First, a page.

Wednesday, April 18, 2007

When accused of being inconsistent...

This is a quote I heard recently.

John Maynard Keynes, when accused of being inconsistent, said, "When I get new information, I change my position. What, sir, do you do with new information?"

It was hard for me to understand growing up that people were allowed to change their minds. One day, someone might say that they wanted something - but the next day, they might not want it anymore.

I'm thinking specifically of mormonism. Once someone had gotten up in front of the congregation, publicly borne their testimony - it was a done deal. You have a testimony. You know "the church is true". So if the same person comes back a week or a year later with different information - it can be almost incomprehensible to some active mormons.

The world is black and white - us against them. There are no shades of grey - you believe or you don't. You follow all thirteen thousand little mormon official and unofficial rules or you don't.

I think we as humans are inconsistent. We should be applauded for it - because it's the nature of being human. Our emotions are inconsistent - one day we might feel content and satisfied - the next we want to throw caution to the wind and live on a mountaintop in Tibet. Okay, that might just be me. But it's safe to say that part of growing and learning (and continuing to grow and learn) is being open to new information.

Frankly - that goes for just about everything as far as I'm concerned. Some days I'm more willing to look at new information - new paradigms than others. When I've had a fairly stressful day at work (at a job I'm not particularily happy with either) that's not the day for me to investigate new ways of looking at the world.

It was really difficult for me to come to terms with mormonism as a half baked religion. When I discovered that some of the youth leaders drank alcohol (gasp) occasionally - or other seemingly well connected members played cards - it was just difficult for me. It didn't make sense to me how the same person could get up one Sunday and preach temperance hungover.

In the end, I've found I had to accept that just as I make different decisions - they could as well. I don't necessarily think it's right for someone to say one thing and do another - but in our society it happens all the time. It happens in the workplace where the manager asks the employees to work consistent overtime - but doesn't work the same amount.

I wish this wasn't the case. I would prefer that people followed through on their beliefs. I wish people who considered themselves christian would actually believe in love, service and not judging others. (Which is my own personal take on what christianity really means).

All I'm suggesting is there is no shame in saying - I changed my mind. That might be what I thought when I was 16, but I don't think that any longer.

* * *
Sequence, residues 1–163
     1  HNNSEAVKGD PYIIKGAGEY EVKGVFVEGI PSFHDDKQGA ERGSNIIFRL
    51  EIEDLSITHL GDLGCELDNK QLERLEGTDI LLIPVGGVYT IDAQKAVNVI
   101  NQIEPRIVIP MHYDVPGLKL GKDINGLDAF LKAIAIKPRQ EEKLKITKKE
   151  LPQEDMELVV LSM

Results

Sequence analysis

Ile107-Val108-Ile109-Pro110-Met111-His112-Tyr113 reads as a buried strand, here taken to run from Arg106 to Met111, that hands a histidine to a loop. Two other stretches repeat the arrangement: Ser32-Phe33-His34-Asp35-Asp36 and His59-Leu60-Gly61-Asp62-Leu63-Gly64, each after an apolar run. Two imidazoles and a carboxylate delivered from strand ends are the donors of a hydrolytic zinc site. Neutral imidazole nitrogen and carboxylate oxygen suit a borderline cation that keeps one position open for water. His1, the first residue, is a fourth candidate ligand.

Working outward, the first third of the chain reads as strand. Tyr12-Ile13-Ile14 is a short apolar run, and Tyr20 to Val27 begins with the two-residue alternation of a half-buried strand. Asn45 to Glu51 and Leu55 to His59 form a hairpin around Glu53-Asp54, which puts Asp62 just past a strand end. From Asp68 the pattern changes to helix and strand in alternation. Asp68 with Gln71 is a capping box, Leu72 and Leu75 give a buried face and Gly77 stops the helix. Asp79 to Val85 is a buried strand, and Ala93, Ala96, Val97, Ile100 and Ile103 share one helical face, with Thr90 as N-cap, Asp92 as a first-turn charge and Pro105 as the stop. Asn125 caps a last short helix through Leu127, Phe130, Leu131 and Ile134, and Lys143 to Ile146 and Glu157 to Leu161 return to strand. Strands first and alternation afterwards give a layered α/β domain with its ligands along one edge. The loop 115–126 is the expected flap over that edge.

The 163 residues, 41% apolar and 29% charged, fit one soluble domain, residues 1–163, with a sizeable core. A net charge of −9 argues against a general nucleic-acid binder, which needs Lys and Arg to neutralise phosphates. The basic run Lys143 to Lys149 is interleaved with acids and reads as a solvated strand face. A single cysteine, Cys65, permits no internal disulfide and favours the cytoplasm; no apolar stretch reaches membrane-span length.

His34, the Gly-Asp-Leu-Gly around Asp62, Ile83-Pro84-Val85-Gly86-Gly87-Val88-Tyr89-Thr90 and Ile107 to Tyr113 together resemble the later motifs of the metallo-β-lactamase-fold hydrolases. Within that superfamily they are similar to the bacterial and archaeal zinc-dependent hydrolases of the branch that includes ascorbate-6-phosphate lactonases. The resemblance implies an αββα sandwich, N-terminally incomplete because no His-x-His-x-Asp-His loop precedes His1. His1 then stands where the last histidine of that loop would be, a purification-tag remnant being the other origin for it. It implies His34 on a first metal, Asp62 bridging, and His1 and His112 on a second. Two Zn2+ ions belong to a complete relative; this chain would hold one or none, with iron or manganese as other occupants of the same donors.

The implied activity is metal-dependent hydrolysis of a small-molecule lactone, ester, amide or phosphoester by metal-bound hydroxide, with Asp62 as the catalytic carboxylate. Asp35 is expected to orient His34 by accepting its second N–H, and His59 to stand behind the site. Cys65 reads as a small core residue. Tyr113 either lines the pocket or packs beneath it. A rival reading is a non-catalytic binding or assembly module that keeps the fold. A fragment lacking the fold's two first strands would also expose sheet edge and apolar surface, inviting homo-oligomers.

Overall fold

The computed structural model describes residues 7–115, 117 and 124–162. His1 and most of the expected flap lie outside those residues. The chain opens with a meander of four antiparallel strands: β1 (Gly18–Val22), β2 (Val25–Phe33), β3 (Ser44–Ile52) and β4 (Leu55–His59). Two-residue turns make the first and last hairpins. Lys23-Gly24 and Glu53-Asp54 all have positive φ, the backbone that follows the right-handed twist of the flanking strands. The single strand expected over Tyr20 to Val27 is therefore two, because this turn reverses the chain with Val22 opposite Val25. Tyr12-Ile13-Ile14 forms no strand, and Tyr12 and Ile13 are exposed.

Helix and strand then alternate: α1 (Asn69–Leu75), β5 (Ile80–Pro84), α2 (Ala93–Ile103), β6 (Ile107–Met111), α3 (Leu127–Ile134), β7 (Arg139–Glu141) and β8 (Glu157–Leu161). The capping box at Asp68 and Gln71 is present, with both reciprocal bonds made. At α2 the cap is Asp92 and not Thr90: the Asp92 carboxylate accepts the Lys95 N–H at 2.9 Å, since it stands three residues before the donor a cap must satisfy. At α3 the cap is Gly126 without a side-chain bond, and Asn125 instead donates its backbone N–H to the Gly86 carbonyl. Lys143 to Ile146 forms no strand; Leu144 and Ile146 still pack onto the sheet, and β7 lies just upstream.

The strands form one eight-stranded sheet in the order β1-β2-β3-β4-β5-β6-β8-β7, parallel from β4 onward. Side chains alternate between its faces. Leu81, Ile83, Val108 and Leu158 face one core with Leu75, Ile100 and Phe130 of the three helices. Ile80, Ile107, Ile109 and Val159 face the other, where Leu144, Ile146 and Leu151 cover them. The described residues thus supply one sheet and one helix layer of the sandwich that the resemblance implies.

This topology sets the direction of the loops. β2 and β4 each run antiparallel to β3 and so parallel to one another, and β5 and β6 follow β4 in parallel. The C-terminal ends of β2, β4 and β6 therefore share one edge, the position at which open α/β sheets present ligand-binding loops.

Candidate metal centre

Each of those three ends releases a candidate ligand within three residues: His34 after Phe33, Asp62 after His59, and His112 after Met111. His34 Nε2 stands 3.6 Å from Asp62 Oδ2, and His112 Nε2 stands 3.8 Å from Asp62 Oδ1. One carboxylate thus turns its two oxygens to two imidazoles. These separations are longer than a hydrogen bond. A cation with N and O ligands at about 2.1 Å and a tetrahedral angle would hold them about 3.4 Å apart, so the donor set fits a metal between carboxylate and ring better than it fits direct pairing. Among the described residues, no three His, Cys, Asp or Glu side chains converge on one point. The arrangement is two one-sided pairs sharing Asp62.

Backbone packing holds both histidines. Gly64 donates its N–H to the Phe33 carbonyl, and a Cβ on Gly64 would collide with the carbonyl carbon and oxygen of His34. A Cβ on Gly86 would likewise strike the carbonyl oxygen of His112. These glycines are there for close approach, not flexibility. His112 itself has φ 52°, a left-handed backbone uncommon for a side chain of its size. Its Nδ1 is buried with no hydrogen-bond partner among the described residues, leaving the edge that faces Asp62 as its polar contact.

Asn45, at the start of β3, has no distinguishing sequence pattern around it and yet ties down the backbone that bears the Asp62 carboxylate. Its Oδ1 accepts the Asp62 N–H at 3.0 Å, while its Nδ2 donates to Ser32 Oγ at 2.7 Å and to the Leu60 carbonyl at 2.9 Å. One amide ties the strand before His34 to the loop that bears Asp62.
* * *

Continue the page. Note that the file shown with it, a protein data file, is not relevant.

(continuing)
It's also difficult as I give myself the freedom to change my mind, I'm also giving those I love the freedom to change their minds about our relationship. Or about their belief systems. As long as there is that fundemental respect between us though, that each of us has our beliefs and (hopefully) logical reasons behind those beliefs, then we should be okay.


Freckle Face Girl said...

I remember when I was in high school there was a fairly new convert that was overly pro-Mormon. He quickly became friends with my dad, who was also overly Mormon. A couple of years later, the guy did a complete turn around & suddenly my father practically despised him. I found the whole thing odd.

Obviously, I grew up in a family that followed ALL the rules. It was even strange to me to see Mormons that drank Coke or Pepsi (heaven forbid). That mind set does take a while to get over, but can be so liberating, right?

Anonymous said...

It can be. I'm glad you understand where I'm coming from. Thanks for your comment FFG!

Anonymous said...

I love the Keynes quote. If the worst thing I'm ever called in my life is inconsistent, I will consider myself extremely successful.

Anonymous said...

All religions change over time, fact! Just like science does and our understanding of the world. My wife has some uber-TBM relatives that won't drink Coke or eat chocolate, not that is stupid.

Anonymous said...

Thanks NN! I just find that people (like my mother) sometimes expect me to have the same opinions that I did as a teenager. I don't, and there are reasons for that. It's just a recognition that we can all grow and change throughout our lives.

AZ - The mormon church is particularily bad about not documenting things like drinking coke or a caffeine policy, so it's all hearsay. You'll find that the most respected mormons ignore coke and caffeinated sodas - despite any official documentation or policy about it.

On the other hand, I know plenty of faithful Catholics who won't eat fish on Fridays, despite the lack of official policy about that as well. If LDS, Inc. changed the soda policy, no doubt there would be handfuls of faithful mormons who would still not drink caffeinated soda.

Yes, all religions change over time - just as people do. What makes it harder for mormons is that they're also taught that the church is the same yesterday, today and forever when it also changes.

I don't envy their position.

Gluby said...

Wonderful post, Aerin. I think the worst, though, is when you were passionate and authoritative in what you believed before you turned around in your beliefs.

I've done it at least four times in life, one of which included going into Mormonism and becoming a judgmental, conformist, right-wing zealot, and the another leaving Mormonism and becoming militantly the opposite of what I was.

I recall, during our courtship, telling my innocent wife about the history of the 1960s in terms that now make me shudder.

At least I'm not inconsistent! That would be too much.